What we see in the Process of the Thorn is a strategy God uses to enable His man to accomplish great things for Him. No doubt it is not an easy burden to carry this thorn, no matter what it is. When our “thorn” is really stabbing us we cry out, “Why does this have to be this way? Lord, please remove it!” And yet the “thorn’ remains. Then we cry out, “Why won’t You remove it? I don’t understand!” But, the “thorn” still remains. Eventually we no longer ask why we have it, and for it to be removed. We simply endure the “thorn’s” stabs, until we begin to see the reason for it being with us. It takes some time, maybe a long time, before we connect the dots. It will require a whole lot of courage, surrender and trust for the blinders to fall away from our perspective so we can begin to see. However, the Blessing of the Thorn eventually comes into view as it did with the Apostle Paul, and our perspective will be changed from self-pity to thankfulness for the “thorn” God has allowed in our life. Did I mention it requires a lot of courage?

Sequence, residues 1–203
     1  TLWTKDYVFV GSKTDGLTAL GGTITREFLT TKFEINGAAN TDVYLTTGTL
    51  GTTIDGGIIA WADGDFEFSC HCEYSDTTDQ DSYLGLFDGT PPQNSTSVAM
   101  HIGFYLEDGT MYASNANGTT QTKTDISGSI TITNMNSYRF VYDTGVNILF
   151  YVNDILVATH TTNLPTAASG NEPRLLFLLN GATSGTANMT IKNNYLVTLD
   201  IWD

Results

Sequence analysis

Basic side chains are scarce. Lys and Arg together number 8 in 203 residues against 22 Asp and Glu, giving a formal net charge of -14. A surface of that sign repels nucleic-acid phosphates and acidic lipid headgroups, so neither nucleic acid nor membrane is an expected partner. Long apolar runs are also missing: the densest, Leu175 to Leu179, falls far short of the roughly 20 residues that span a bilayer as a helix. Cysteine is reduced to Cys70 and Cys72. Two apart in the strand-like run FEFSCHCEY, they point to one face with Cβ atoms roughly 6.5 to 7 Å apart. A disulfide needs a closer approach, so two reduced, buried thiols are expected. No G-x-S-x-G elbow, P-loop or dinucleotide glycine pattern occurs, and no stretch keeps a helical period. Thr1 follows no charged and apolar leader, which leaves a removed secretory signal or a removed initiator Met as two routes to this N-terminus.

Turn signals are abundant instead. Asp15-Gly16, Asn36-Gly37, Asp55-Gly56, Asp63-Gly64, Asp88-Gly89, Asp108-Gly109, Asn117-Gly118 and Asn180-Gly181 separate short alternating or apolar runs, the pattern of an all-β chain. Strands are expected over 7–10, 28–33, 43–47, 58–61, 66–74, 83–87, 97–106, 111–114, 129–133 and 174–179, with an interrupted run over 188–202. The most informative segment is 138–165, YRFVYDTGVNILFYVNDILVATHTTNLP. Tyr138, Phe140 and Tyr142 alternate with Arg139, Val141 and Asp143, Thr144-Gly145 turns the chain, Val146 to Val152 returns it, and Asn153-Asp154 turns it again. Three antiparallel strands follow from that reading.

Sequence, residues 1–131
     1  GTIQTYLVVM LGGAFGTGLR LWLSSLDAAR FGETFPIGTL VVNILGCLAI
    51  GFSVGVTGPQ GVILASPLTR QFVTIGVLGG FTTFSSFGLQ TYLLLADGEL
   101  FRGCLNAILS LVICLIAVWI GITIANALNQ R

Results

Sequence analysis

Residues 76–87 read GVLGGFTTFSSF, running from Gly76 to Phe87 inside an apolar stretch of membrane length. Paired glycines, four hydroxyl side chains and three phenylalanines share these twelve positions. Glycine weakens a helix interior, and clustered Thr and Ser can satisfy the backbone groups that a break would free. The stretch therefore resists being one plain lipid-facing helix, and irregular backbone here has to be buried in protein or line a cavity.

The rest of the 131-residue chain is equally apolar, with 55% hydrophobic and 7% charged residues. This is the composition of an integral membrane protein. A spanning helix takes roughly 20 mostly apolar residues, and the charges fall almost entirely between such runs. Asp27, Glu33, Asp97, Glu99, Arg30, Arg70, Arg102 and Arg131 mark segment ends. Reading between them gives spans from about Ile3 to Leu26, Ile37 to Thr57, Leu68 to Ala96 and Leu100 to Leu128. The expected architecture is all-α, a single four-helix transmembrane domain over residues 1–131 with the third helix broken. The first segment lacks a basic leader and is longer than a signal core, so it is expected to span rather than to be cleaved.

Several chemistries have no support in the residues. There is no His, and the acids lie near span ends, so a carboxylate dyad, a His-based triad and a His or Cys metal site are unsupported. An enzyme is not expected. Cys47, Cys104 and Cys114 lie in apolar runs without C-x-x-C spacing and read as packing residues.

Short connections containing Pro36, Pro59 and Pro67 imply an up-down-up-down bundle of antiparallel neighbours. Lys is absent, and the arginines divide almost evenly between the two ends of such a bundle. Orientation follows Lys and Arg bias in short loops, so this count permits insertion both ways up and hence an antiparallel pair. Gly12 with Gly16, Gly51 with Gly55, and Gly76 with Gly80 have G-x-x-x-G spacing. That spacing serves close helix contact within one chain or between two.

Over the last year, I have talked to many men who report they are being pruned, sifted or flat out attacked by something that harasses their peace. This harassment often disturbs their sleep, their relationships, their confidence, and life’s equilibrium. It is annoying at best, and sometimes downright disconcerting when it really digs in. Maybe you are in this group of men? If so, do not despair. You may be entering a period of life when God permits a “thorn” to join you, and this in turn will prepare the way for great blessings to flow to you and then flow through you, creating a spiritual legacy that will follow your life’s journey. I have found it to encourage God’s men to understand that this is a consistent process, and one of God’s strategies for creating His strength in a man. When we begin to have the “thorn”, our normal tendency is to not see it the way God does. Look at Paul with the way he initially handled it. He asked three times for God to remove it. He did not want the stinking thing. Three times God said no to Paul’s request. We too will ask God to remove the “thorn”. I don’t know anyone who initially embraces it. I know I didn’t. It is a natural thing for us to ask that it be removed. But, if it is not removed, the ways we respond to its presence will either create a blessing, or it will keep us locked in self-pity. It is our choice.